French government ministers spent the weekend paving the way for additional belt-tightening measures to be announced on Monday, stressing prudence in light of the punishing euro zone crisis and the need to meet the country's deficit-cutting goals.

After France lowered its economic growth forecasts for next year, President Nicolas Sarkozy's centre-right government needs to trim another 6 to 8 billion euros (5.2 billion pounds-9.5 billion pounds) from the budget in order to keep its deficit-cutting plans on track.

Last week, France trimmed its growth forecast for 2012 to 1 percent from 1.75 percent.

On Saturday and Sunday, government ministers set the stage for Monday's expected announcement, taking to the airwaves to highlight the importance of spending cuts to ensure France's coveted triple-A credit rating.

The 2012 budget will be one of the most rigorous budgets that France has seen since 1945, said Prime Minister Francois Fillon on Saturday, adding France's hour of truth has arrived.

In a televised speech to regional elected officials in the French Alps resort town of Morzine, Fillon provided no further details on the plan, but said it was pointless to blame the rating agencies, bankers, speculators or I don't know what other scapegoat for France's deficit.

Moreover, it's not useful to believe there are hidden treasures to finance our public spending, said Fillon. There is no other recipe to lower debt than to reduce spending.

BURDEN SHARED

France's budget gap currently stands at 5.7 percent of GDP. The government's goal is to reduce that to 4.5 percent by next year, and reach the EU-mandated limit of 3 percent by 2013.

In August, Fillon presented a plan to shave 12 billion euros off the 2011 and 2012 budgets. The new 6 to 8 billion euros in savings will be on top of his previous projections.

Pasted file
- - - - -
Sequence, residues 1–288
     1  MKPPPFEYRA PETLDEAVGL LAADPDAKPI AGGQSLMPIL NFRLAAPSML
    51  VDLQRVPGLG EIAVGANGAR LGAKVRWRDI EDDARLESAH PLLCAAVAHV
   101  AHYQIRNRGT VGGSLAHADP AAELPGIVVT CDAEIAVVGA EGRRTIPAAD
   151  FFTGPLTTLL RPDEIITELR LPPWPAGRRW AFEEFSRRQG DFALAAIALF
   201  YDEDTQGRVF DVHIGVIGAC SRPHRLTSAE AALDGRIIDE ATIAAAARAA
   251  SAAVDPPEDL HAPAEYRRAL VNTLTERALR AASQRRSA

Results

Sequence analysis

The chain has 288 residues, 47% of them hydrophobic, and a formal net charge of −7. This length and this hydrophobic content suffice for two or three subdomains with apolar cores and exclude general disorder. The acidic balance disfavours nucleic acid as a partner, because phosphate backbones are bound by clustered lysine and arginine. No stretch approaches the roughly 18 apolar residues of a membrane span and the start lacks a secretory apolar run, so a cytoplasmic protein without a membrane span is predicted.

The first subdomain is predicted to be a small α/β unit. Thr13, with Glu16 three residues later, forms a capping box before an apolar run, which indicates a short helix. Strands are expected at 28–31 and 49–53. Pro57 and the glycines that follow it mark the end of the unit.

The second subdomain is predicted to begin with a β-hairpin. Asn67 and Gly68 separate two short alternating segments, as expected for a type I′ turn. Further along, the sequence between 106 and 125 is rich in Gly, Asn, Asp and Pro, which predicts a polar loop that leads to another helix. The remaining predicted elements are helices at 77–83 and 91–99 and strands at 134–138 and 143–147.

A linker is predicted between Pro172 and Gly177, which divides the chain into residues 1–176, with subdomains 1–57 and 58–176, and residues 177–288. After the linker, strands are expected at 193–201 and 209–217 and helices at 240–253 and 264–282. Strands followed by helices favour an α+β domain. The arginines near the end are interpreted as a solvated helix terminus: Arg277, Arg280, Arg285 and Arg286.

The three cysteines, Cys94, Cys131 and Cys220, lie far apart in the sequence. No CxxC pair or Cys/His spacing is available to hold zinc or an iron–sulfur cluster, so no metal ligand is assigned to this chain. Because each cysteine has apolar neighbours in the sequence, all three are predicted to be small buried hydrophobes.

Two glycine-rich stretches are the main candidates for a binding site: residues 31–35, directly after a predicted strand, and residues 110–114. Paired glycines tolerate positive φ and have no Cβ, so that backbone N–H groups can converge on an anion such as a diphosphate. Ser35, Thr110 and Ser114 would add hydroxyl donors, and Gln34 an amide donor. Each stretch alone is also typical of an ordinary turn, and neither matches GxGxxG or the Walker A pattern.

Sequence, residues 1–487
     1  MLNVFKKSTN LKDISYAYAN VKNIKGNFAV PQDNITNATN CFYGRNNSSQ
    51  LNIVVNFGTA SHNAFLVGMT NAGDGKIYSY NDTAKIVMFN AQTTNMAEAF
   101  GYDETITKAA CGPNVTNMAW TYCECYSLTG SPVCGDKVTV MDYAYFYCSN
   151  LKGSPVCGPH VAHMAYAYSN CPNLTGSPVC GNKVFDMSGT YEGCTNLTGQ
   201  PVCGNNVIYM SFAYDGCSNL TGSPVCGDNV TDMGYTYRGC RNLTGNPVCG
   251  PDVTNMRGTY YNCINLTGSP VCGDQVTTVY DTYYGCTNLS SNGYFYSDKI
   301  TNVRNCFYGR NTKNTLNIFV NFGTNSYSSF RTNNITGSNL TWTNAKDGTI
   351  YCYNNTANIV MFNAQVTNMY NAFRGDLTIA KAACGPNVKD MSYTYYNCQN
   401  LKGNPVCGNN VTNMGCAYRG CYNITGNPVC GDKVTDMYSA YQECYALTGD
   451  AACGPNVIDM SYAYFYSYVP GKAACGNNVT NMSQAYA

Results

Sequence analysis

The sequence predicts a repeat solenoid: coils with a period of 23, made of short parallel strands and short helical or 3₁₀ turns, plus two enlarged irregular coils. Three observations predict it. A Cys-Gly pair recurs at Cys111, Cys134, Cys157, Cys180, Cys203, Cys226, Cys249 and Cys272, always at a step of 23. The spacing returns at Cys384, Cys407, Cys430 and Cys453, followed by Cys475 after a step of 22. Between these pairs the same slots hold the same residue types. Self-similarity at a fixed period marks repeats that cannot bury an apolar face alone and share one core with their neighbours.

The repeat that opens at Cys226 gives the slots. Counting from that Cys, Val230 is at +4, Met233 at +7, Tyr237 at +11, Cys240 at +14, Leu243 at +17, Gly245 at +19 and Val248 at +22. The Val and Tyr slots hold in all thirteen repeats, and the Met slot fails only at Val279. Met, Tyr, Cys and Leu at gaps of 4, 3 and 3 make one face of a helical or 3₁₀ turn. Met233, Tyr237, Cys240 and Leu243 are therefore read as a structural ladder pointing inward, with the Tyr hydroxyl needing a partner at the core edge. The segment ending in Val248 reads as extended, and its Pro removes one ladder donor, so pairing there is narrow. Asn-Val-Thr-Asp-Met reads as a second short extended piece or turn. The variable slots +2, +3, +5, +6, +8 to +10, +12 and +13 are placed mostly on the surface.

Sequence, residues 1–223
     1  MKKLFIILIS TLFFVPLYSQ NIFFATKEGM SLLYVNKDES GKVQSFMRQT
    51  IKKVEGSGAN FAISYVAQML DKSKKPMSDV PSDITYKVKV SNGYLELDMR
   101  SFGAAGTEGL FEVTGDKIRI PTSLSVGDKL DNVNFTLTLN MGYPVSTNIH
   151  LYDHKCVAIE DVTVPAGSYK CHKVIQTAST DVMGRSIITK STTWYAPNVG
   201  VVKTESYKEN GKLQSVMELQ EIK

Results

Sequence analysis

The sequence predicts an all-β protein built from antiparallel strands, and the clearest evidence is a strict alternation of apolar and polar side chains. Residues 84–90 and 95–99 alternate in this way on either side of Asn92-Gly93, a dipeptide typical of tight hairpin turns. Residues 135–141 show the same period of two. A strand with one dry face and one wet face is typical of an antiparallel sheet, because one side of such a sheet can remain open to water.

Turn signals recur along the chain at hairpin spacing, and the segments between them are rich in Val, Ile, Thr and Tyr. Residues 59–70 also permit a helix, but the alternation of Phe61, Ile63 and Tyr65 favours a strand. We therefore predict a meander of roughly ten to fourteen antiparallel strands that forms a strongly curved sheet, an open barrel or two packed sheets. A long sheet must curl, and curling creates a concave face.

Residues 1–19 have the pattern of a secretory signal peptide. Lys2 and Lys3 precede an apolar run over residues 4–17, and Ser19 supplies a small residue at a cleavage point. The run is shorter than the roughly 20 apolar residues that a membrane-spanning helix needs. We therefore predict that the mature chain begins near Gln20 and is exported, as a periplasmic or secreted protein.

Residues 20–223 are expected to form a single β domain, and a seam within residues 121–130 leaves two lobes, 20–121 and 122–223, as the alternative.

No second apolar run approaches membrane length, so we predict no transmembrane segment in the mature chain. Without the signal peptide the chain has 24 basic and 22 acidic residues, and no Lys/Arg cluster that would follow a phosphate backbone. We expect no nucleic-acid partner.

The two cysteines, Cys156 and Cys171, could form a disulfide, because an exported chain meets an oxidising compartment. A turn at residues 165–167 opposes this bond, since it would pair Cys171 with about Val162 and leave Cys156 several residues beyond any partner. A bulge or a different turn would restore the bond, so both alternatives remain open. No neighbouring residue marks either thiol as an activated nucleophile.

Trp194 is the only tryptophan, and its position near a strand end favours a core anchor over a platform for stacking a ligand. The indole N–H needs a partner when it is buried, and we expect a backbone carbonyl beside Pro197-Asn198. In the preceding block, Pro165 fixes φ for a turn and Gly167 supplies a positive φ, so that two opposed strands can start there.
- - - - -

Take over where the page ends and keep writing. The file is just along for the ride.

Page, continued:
Budget Minister Valerie Pecresse told M6 television on Sunday that social spending will not be affected, and the burden on households will be equally shared.

Everyone will contribute according to their own capacity, said Pecresse, adding the government did not want to raise household taxes to put its financial house in order.

Today we are at a level of unbearable debt, she said. We have to pay back our debt.

Le Journal du Dimanche newspaper said on Sunday the cuts could come from raising France's VAT rates in certain sectors from 5.5 percent to 7.0 percent, while slapping a new corporate tax on businesses with annual revenues over 500 million euros.

Other possible cuts could come from an additional day of solidarity -- in which salaried workers work for free for one day, their pay going to the state -- the newspaper said.

Ministers sought to fend off suggestions the extra spending cuts pointed to a slipshod performance by the government in its first budget.

Francois Hollande, Sarkozy's Socialist challenger for presidential elections next April, said on Saturday a potential hike in the VAT rate would be the proof of inconstancy, political incoherence.

Sarkozy's government lowered VAT rates in 2009.

On Sunday, Foreign Minister Alain Juppe -- a key minister to Sarkozy who accompanied the president to the G20 summit in Cannes last week -- stressed France had been forced to adapt to changing conditions as the euro zone crisis worsened in Europe.

France's earlier budget was genuine, said Juppe. We are not doing makeshift repairs or patchwork.

($1 = 0.727 Euros)

(Reporting By Alexandria Sage and Sophie Louet; Editing by Sophie Hares)